Oklahoma’s Kyler Murray and Alabama’s Tua Tagovailoa have struck up a friendship over the past several weeks, which shouldn’t be surprising considering how much time the quarterbacks have spent alongside one another in that span.
They were in Atlanta together at a college football awards show, where Tagovailoa took home the Maxwell Award.
They were in New York a few days later for the Heisman Trophy presentation, where Murray claimed the top prize.
So maybe it’s fitting that they’ll both be center-stage again — this time, at Saturday’s Orange Bowl, where a berth in the College Football Playoff championship game awaits one of them. Murray and the fourth-ranked Sooners (12-1) will meet with Tagovailoa and the top-ranked Crimson Tide (13-0), with the new friends set to become foes for a few hours.
“You know, it’s football. We all understand the level of respect we have for each other,” Tagovailoa said Wednesday. “We understand it’s just competition. Off the field, it’s a lot different. But on the field, you’ve got to go out there. It’s your job. You’ve got to compete for your team, for the university, for the state.”
And this time, for a shot at the national title.
They were supposed to share the spotlight Wednesday morning at a media availability, but Murray was a late cancellation because of an undisclosed illness — one that doesn’t seem to worry the Sooners too much. Offensive coordinator Cale Gundy didn’t even know Murray was sick until he got into the car that took the Sooners to the interview site and realized his Heisman winner wasn’t along for the ride.
Tagovailoa was walking without a limp Wednesday and declared his surgically repaired right ankle — it was scoped earlier this month to accelerate the healing of a high sprain — to be at about 80 to 85 percent. But now it’s Murray whose health status seems to be an issue, at least on some level.
“Not worried one bit,” Sooners offensive lineman Ben Powers said.
It has been a whirlwind few weeks for Murray, and it’s easy to see why he might be feeling a little worn down right now. Oklahoma got its bid to the CFP field on Dec. 2, and over the three weeks since all Murray has had on his plate is the award shows, finals, bowl practice, traveling to South Florida, debating his baseball-or-football-or-both future, and the not-so-small matter of prepping to face the defending national champions.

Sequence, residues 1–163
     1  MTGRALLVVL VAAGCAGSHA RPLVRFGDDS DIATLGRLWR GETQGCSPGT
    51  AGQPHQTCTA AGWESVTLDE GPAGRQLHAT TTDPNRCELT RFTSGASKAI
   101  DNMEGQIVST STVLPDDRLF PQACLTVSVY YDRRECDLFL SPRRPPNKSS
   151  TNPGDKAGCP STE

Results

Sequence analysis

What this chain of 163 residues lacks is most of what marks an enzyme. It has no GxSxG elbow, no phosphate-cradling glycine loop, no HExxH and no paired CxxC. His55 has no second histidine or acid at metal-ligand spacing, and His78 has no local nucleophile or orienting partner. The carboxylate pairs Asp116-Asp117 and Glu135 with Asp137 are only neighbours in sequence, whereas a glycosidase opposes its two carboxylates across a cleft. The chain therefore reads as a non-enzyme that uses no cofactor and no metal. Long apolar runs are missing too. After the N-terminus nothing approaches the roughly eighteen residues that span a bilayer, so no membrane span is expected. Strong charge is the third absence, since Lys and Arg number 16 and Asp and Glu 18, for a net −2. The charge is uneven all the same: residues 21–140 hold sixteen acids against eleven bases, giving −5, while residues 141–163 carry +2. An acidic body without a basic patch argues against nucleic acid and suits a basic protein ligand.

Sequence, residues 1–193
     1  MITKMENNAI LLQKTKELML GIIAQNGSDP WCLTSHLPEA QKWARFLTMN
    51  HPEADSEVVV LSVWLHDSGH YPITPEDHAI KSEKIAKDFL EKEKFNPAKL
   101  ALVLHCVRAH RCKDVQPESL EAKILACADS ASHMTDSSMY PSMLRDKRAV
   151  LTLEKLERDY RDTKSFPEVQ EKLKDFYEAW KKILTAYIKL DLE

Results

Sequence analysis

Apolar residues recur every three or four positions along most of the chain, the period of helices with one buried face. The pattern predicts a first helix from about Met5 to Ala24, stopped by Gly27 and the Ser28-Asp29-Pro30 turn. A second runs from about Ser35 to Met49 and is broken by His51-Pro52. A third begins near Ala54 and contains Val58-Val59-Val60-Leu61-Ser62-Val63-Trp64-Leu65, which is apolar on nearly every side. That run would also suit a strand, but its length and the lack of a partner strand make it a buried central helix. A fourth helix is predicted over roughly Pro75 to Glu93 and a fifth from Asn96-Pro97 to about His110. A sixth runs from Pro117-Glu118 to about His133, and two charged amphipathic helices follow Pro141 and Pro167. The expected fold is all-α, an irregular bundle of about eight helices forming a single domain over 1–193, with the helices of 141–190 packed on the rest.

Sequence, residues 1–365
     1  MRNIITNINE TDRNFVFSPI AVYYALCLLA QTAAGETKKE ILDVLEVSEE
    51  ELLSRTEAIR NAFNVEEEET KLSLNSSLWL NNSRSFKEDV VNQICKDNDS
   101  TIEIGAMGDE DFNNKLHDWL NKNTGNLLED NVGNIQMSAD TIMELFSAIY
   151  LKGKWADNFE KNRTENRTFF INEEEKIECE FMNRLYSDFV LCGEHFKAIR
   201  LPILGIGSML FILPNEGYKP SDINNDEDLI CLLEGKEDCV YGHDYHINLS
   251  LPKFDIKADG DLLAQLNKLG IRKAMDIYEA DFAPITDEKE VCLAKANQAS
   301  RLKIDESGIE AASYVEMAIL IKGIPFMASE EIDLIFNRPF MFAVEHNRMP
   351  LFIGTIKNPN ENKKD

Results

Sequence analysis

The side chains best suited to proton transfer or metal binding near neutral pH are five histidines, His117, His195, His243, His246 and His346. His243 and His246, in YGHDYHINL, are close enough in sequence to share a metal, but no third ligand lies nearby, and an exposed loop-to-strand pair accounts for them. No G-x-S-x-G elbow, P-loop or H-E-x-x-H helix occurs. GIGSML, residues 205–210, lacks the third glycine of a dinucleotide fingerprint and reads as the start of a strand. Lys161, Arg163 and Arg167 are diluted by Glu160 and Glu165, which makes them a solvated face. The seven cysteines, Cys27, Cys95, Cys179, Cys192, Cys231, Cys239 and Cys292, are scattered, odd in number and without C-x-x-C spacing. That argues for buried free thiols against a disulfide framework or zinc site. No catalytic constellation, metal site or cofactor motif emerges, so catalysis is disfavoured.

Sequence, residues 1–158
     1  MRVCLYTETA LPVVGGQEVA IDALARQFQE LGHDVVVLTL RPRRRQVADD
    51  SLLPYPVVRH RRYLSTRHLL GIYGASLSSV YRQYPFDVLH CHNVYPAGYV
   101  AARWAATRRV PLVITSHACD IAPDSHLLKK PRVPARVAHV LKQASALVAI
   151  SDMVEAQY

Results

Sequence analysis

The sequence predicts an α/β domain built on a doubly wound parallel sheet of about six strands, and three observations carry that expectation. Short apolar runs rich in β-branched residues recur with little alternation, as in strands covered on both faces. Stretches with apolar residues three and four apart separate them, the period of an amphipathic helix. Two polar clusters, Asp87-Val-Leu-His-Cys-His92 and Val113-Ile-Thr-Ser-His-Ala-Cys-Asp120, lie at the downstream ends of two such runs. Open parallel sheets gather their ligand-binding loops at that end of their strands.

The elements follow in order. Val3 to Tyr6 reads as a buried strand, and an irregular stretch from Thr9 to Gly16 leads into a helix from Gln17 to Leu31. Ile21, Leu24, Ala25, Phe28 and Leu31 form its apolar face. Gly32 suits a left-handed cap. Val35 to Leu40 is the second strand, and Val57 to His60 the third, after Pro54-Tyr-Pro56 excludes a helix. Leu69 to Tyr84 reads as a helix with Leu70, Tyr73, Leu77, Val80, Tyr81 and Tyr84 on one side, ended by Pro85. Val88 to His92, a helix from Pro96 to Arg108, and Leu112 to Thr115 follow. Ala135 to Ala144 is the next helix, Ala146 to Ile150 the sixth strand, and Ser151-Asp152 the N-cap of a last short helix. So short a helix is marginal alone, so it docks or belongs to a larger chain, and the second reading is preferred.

The Sooners and coach Lincoln Riley went through a similar pre-CFP hectic time last year, when Baker Mayfield won the Heisman. Given that, Murray probably had a good idea what these days would be like.
“He’s got a very cool, calm demeanor about him and he’s handled it extremely well,” Gundy said. “Obviously, you credit that a lot to coach Riley and having the opportunity to go through it with Baker. But Kyler’s personality and demeanor and everything is just very, very steady and level. He’s handled it very well.”
Murray and Tagovailoa are the two most-decorated players in the nation this year, and finding separation between them is difficult.
Oklahoma has the No. 1 scoring offense in the country at 49.5 points per game; Alabama is No. 2 at 47.9. Murray led the nation in pass efficency, with Tagovailoa No. 2 and both were well ahead of everyone else on that list. Tagovailoa was No. 1 nationally in yards per completion at 16.85; Murray was right behind him at 16.82.
They’re not playing 1-on-1 on Saturday, of course.
But Tagovailoa is looking forward to the matchup, and expects Murray feels exactly the same way.
“I think it’s going to be exciting,” Tagovailoa said. “He’s a competitor. I’m a competitor. And to be able to go up against the best, that’s what you want to do. I think it’s going to be really fun.”
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